Thank you for the opportunity to respond to the comments of Sorbello et al.1 made with respect to our article investigating the use of ultrasound to guide life-saving cannula tracheotomy.2 First, we support their suggestion that anaesthetists must take all reasonable steps to prevent ‘cannot intubate, cannot ventilate’ (CI–CV) scenarios. In situations wherein a difficult airway is predicted, then in many cases, awake fibreoptic intubation or awake tracheostomy will be the safest management plan and should be used. This is just one message from the recent fourth UK National Audit Project (NAP4) that investigated major complications of airway management.3 The report also highlighted that preemptive cannula cricothyroidotomy prior to induction of general anaesthesia is another potentially valuable technique. However, although the anaesthetist must try and avoid CICV scenarios, he should nevertheless still be prepared should they occur. Predictive tests will not identify all difficult airways and in one in five of the anaesthetic cases of CI–CV in NAP4, no difficulty in airway management was predicted.3 Furthermore, CI–CV events may occur in spite of attempts to prevent them and there are multiple case reports of complete airway obstruction precipitated by the process of awake fibreoptic intubation.3–5
Second, Sorbello et al. make a valid observation that our model had largely muscle overlapping the airway as opposed to fat, as would be the case in an obese patient. However, although the sonographic characteristics of these tissues may not be the same, we would expect to be able to identify a trachea at a depth of at least 3–4 cm whether it was under fat or muscle. This will vary depending on the frequency of the ultrasound probe used and the experience of the operator. Ezri et al.6 used ultrasound to identify tracheas that were at least as deep as 35 mm in a morbidly obese population. Although the cartilages of the larynx and trachea are relatively hyperechoic,7 it is conceivable that if the airway is compressed or occluded, it could be difficult to visualise.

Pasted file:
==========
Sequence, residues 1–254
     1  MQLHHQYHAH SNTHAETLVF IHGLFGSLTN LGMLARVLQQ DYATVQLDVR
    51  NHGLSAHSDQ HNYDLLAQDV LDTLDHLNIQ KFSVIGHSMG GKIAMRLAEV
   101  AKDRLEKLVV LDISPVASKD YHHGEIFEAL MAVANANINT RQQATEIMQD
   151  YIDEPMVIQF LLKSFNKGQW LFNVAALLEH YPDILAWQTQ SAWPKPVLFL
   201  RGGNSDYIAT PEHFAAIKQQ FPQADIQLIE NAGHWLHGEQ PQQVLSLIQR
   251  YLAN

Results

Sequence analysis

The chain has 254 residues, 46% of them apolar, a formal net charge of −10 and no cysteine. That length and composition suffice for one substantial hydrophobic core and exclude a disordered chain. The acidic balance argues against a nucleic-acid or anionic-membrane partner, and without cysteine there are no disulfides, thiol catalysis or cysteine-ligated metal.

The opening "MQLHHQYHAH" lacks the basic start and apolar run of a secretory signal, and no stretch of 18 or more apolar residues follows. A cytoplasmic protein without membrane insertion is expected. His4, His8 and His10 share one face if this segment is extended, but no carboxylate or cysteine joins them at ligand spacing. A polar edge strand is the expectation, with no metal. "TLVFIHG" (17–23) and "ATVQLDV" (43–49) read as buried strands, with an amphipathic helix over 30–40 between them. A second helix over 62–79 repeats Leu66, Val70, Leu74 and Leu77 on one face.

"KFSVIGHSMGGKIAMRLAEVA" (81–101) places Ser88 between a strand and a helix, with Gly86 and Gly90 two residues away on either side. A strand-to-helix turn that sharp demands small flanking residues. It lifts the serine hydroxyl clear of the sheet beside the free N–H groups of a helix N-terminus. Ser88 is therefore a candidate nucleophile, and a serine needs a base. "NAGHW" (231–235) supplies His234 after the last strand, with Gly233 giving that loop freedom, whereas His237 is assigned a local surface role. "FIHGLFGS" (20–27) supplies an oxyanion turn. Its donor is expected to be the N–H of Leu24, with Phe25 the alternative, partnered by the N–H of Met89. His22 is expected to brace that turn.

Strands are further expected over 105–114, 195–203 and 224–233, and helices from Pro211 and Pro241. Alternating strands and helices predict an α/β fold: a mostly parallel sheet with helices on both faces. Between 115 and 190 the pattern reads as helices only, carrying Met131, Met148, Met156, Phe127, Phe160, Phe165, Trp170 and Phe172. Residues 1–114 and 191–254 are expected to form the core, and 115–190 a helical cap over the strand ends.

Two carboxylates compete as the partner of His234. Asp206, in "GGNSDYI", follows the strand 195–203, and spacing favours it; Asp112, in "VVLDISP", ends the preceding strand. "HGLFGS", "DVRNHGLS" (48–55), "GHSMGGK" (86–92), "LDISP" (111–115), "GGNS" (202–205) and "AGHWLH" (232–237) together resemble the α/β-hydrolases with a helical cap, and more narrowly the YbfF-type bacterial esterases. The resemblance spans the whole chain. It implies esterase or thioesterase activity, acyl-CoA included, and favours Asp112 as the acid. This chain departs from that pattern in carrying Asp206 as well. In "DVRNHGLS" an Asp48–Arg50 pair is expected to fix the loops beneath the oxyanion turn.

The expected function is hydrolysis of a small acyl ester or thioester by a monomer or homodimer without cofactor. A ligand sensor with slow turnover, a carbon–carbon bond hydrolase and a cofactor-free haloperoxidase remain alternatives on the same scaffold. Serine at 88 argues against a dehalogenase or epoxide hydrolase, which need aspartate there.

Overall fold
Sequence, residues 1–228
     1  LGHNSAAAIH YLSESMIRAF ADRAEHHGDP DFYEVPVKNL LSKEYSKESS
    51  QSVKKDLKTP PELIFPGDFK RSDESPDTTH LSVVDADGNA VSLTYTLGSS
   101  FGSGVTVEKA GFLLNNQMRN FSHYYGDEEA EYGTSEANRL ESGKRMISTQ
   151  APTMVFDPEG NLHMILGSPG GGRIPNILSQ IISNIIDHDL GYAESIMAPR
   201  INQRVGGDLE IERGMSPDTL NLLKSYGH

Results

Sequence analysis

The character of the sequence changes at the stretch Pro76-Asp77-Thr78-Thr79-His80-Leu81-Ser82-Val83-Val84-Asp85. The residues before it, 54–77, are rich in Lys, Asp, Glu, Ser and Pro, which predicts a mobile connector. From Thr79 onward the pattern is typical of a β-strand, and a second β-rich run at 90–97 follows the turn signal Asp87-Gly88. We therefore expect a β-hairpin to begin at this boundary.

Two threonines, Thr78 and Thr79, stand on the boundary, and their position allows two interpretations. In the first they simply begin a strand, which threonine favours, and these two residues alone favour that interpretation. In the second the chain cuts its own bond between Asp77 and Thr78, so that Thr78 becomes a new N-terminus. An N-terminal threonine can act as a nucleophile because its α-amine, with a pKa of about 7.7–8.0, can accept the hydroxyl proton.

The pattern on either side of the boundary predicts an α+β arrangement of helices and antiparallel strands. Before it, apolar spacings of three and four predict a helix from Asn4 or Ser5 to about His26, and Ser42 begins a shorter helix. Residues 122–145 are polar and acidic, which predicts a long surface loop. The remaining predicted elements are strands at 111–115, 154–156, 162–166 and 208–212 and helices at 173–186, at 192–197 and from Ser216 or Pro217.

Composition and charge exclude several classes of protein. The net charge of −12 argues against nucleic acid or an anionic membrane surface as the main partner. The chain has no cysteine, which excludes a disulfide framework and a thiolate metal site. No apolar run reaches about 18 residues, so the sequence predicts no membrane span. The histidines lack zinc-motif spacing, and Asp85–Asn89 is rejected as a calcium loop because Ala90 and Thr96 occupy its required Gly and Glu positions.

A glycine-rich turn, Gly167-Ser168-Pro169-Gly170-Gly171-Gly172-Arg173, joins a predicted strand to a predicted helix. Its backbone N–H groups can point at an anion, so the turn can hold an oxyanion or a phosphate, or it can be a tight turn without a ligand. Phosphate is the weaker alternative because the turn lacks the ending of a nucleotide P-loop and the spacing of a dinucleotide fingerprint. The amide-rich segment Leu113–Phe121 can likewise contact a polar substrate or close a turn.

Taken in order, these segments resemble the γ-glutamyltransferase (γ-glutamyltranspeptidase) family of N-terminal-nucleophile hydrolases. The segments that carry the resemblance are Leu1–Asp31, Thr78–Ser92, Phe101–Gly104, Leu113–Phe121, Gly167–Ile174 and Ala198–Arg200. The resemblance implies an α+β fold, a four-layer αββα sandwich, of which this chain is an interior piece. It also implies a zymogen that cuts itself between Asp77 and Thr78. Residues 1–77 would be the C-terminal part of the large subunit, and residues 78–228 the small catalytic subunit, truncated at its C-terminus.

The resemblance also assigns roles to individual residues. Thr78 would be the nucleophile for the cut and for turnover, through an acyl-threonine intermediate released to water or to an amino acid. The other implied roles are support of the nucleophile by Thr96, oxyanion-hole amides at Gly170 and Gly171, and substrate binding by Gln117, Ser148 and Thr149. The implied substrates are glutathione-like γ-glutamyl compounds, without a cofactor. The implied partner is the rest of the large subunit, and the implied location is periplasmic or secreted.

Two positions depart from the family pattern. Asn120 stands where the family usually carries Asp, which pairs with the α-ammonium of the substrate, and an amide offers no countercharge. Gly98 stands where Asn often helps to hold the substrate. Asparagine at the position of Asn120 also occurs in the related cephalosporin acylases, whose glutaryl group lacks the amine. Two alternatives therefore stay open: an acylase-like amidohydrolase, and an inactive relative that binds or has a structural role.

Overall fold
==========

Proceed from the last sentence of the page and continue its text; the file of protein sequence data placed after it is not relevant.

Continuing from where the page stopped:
Finally, based on our extensive experience of their use in an animal model, we would disagree with the suggestion that cannulation might be quicker with a Cook emergency transtracheal airway catheter (Cook, Bloomington, USA) than the 14-G Insyte cannula (Becton Dickinson UK Ltd, Oxford, UK) that we used in our study. Due to its larger diameter trocar, greater wall thickness and ribbed design, the Cook ETAC requires considerably more force to insert (our own unpublished laboratory data) and so the procedure is more difficult and unlikely to be faster.
1. Sorbello M, Parinello L, Petrini F, Frova, G. Ultrasounds: not the best ‘soundtrack’ for cannot ventilate–cannot intubate scenario. Eur J Anaesth
2. Dinsmore J, Heard A, Green R. The use of ultrasound to guide time critical cannula tracheotomy when anterior neck airway anatomy is unidentifiable. Eur J Anaesthesiol
3. The Royal College of Anaesthetists and the Difficult Airway Society. 4th National Audit Project of the Royal College of Anaesthetists and the Difficult Airway Society: Major complications of airway management in the United Kingdom. The Royal College of Anaesthetists; 2011.
4. Shaw IC, Welchew EA, Harrison BJ, Michael S. Complete airway obstruction during awake fibreoptic intubation. Anaesthesia
5. McGuire G, el-Beheiry H. Complete upper airway obstruction during awake fibreoptic intubation in patients with unstable cervical spine fractures. Can J Anaesth
6. Ezri T, Gewürtz G, Sessler DI, et al. Prediction of difficult laryngoscopy in obese patients by ultrasound quantification of anterior neck soft tissue. Anaesthesia
7. Sustic A. Role of ultrasound in the airway management of critically ill patients. Crit Care Med